Should We Be Recycling Our Old Clothes Into New Ones?
By Beatrice Murray-Nag
Clothing recycling is often touted as a sure-fire way to put the fashion industry to rights. With circularity fast becoming a buzzword, brands are investing in the idea that transforming old clothes into new ones could resolve fashion’s waste problem and reduce the amount of virgin resources needed to make their garments.
It’s not just brands that are banking on clothing recycling either – policy makers and advocacy initiatives want to accelerate progress too. The new EU Strategy for Sustainable Textiles is aiming to “make the textile ecosystem fit for the circular economy,” while the Textiles 2030 initiative by leading UK sustainability charity WRAP counts “closing the loop on materials” among its key objectives.
But how close are we to being able to recycle our unwanted garments into fibres and yarns that could be used to make a brand-new piece of clothing? For all the talk, how much concrete progress is being made?
What clothes recycling looks like today
Let’s start with the stats. According to a deep dive by The Ellen MacArthur Foundation, of the estimated 15% of garment waste that gets recycled, only 1% goes back into creating new clothing.
Its ‘A New Textiles Economy: Redesigning fashion’s future’ report maps out that while 2% of items get lost somewhere within the recycling process, the remaining 12% are downcycled instead. That means that rather than being made back into something of roughly the same quality as the original raw materials, the clothes are being put to lower value uses like insulation material and mattress stuffing. So, while their life is being extended temporarily, it won’t stop them from eventually heading to landfill.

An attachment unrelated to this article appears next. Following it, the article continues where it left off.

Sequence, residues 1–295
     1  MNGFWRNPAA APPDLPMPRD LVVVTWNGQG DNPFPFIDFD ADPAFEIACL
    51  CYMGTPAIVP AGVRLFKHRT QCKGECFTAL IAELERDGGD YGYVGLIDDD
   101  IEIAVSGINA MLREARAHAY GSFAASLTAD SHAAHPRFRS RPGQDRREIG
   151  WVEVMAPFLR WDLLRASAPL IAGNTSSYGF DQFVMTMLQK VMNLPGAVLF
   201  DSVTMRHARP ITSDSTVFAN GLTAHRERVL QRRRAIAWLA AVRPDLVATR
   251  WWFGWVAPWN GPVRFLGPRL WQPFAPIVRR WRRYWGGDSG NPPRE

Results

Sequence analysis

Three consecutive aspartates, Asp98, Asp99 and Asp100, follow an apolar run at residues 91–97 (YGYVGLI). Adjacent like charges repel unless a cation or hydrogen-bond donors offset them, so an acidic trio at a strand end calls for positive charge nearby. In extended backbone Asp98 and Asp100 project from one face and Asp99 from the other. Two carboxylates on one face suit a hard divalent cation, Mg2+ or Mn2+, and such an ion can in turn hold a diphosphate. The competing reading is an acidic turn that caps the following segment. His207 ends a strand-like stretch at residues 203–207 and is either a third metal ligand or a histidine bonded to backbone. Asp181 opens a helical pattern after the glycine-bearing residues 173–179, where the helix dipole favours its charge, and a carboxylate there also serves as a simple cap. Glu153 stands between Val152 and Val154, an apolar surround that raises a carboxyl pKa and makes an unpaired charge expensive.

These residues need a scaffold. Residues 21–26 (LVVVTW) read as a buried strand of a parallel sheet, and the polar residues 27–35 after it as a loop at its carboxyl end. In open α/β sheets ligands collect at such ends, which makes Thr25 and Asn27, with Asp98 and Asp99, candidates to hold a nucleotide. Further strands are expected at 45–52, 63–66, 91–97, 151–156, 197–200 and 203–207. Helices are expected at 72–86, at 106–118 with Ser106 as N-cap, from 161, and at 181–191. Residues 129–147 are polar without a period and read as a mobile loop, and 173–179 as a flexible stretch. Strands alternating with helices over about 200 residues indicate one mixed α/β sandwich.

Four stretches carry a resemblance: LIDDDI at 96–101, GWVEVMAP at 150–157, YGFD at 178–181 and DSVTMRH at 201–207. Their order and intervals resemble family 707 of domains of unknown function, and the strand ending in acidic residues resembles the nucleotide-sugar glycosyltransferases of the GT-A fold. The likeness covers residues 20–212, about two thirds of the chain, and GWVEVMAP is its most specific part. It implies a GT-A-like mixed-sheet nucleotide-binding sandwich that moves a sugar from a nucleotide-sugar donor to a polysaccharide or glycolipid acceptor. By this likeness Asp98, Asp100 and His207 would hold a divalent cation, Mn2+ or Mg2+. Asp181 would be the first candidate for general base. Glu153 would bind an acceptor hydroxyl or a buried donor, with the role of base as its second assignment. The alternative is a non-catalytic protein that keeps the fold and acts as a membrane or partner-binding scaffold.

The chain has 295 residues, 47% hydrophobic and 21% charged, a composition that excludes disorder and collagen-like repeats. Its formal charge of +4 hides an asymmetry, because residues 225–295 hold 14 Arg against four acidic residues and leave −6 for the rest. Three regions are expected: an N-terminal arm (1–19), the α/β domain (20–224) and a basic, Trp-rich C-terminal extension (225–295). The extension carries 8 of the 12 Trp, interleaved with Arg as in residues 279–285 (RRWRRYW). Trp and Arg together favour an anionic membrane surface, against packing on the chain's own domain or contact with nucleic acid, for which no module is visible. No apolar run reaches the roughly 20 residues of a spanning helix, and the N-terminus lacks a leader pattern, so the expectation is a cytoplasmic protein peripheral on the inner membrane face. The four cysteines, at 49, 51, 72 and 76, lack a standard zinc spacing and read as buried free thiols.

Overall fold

When it comes to turning old clothing into yarns and materials that could be used within the fashion industry, there are two options available: mechanical and chemical recycling. The former, more traditional method sees textile waste sorted, shredded, and re-spun. It’s long been used for materials including cotton and wool, but they can lose some of their original strength and durability in the process, so often need to be blended with other raw materials.
The chemical way of doing things involves dissolving said waste in a solvent solution. It’s being used by ECONYL® in the creation of its regenerated nylon, and although the brand is currently using fishing nets and old carpets as raw materials, the idea is that clothes made from ECONYL® should be infinitely recyclable too.
Chemical recycling also offers up the potential for Man Made Cellulosic Fibres (MMCFs) like lyocell and viscose, which are traditionally made from wood pulp. The Swedish company Renewcell is using this method to recycle cotton into its Circulose® cellulosic fibre instead. If the tech were to take hold, recycling just 25% of the cotton currently used in the industry would mean fashion wouldn’t have to rely on wood at all to create its MMCFs.
The barriers to recycling more post-consumer clothing waste
Many other fibre-to-fibre recycling companies use pre-consumer waste – the scraps that are leftover on the factory floor when clothes are made. This is easier to recycle because there are large amounts of it in the same place, and manufacturers are more likely to know what materials it’s made from and what chemicals and dyes have been used on the fabrics.
For clothes that have already been worn and washed, the challenges come with the reverse logistics of recovering the items and sorting through them. Without standardised guidelines for consumers as to what can and can’t be recycled, and what condition clothing needs to be in when it’s collected, textile recycling companies have their work cut out.
Clothes that have been collected via take-back schemes or collection boxes first need to be separated according to their type and condition. While better quality items will be suitable for reuse or resale, the remainder must be sorted by fibre type before it can be recycled. Then there’s the task of pre-processing them to remove trims, buttons, threads, zippers, and other hardware.